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S

San Diego CPA

DolphinVJ said:
I am using Taxact and we are trying to see how married
filing separate will come out as compared to filing jointly.

When I am prompted to enter the W-2 information, do I enter
half of each of our wages, Fed & State Tax Withheld for each
of us? It seems odd. But seems like if I enter full
amounts then that is what the tax will be based on which
will not be correct. It just seems like that the Taxact
should take the whole amounts and based on the filing status
of "Married Filing Separate" divy the wages, taxes withheld,
etc?

We live in California.
I don't use Taxact but all tax prep programs I've worked
with allow you to enter income and deductions assigned to
either Taxpayer, Spouse or Joint (T, S, J), default is
usually Joint. If you want to compute and compare results
of MFS & MFJ, then you need to assign each item of income
and deduction to the appropriate spouse using either the T,
S or J codes. You'll enter the full amount of each W-2 for
each spouse as well as assign other items of income and
deductions accordingly.
 
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V

Vic Dura

DolphinVJ said:
I am using Taxact and we are trying to see how married
filing separate will come out as compared to filing jointly.

When I am prompted to enter the W-2 information, do I enter
half of each of our wages, Fed & State Tax Withheld for each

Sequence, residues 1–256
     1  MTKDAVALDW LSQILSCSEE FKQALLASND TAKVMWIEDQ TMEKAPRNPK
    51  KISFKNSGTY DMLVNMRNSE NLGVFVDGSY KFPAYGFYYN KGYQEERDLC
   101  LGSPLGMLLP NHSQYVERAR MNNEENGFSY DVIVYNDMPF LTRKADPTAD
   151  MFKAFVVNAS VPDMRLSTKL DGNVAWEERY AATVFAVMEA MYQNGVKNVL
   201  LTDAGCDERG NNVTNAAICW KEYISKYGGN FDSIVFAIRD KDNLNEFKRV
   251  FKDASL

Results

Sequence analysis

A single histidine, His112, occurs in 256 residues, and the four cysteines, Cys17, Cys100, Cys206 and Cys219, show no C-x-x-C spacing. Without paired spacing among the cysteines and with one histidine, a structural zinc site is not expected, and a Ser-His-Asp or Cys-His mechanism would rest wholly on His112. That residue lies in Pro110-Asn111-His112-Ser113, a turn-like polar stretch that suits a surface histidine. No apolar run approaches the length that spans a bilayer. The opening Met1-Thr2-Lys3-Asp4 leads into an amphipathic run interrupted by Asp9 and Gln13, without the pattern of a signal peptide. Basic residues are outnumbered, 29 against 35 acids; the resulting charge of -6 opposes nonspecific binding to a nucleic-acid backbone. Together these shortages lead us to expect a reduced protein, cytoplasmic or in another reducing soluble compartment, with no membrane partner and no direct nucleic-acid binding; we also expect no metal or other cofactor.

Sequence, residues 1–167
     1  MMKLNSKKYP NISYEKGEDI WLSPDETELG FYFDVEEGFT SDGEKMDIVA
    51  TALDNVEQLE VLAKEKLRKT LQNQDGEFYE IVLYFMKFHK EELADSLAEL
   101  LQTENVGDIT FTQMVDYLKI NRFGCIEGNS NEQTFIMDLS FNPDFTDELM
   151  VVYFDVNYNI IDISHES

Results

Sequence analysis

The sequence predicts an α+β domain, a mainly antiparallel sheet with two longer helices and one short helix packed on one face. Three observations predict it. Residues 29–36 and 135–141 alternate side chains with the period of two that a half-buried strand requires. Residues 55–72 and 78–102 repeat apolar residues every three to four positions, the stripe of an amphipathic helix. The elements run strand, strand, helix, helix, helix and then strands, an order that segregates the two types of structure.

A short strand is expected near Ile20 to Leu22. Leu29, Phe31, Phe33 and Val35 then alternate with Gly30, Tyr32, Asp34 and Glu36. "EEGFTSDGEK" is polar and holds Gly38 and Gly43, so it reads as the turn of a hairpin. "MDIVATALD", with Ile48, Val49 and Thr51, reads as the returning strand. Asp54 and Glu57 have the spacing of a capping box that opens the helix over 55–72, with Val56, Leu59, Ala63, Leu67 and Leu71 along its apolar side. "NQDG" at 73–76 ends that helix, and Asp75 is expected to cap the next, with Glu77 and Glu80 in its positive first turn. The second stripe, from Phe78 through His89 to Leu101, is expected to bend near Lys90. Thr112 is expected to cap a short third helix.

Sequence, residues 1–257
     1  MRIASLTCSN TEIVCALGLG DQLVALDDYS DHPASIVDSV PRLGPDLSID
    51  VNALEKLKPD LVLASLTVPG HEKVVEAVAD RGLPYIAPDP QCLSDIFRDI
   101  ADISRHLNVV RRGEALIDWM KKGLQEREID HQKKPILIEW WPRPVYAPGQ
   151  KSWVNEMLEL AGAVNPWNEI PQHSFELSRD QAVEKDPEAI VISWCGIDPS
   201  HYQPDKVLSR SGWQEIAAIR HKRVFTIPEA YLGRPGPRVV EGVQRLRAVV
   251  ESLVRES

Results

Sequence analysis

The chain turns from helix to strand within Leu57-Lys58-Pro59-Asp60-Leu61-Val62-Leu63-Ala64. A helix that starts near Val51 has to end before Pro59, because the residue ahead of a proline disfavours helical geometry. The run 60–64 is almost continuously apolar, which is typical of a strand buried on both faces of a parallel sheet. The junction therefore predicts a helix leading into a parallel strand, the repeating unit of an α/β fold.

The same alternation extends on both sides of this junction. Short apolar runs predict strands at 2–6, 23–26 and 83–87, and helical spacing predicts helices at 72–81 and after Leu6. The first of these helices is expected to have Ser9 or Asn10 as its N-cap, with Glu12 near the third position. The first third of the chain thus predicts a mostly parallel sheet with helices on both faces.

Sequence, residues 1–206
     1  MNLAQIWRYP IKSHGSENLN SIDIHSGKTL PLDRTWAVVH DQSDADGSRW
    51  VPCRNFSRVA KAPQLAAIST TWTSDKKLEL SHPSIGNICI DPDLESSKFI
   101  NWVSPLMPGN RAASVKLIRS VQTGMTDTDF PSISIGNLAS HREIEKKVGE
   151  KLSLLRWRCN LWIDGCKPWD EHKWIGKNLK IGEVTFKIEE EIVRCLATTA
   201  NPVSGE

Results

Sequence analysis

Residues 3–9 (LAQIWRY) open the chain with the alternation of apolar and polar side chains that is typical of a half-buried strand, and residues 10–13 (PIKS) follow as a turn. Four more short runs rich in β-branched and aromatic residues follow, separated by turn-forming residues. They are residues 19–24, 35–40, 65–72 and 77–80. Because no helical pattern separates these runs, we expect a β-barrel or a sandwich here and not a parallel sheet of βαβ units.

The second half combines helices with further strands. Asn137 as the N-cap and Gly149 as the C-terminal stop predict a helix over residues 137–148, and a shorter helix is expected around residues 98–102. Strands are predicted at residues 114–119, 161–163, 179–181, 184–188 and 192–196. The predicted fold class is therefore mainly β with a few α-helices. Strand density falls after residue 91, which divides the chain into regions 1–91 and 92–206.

of us? It seems odd. But seems like if I enter full
amounts then that is what the tax will be based on which
will not be correct. It just seems like that the Taxact
should take the whole amounts and based on the filing status
of "Married Filing Separate" divy the wages, taxes withheld,
etc?

We live in California.
Most of the "Documents Received" (1099s, etc) input forms
have check boxes to indicate if the income is for husband,
wife or both. Be sure you have them checked correctly. Then
go to Reports - Compare Joint vs Separate and you will get
the comparison you are looking for.
 
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A

A.G. Kalman

DolphinVJ said:
I am using Taxact and we are trying to see how married
filing separate will come out as compared to filing jointly.

When I am prompted to enter the W-2 information, do I enter
half of each of our wages, Fed & State Tax Withheld for each
of us? It seems odd. But seems like if I enter full
amounts then that is what the tax will be based on which
will not be correct. It just seems like that the Taxact
should take the whole amounts and based on the filing status
of "Married Filing Separate" divy the wages, taxes withheld,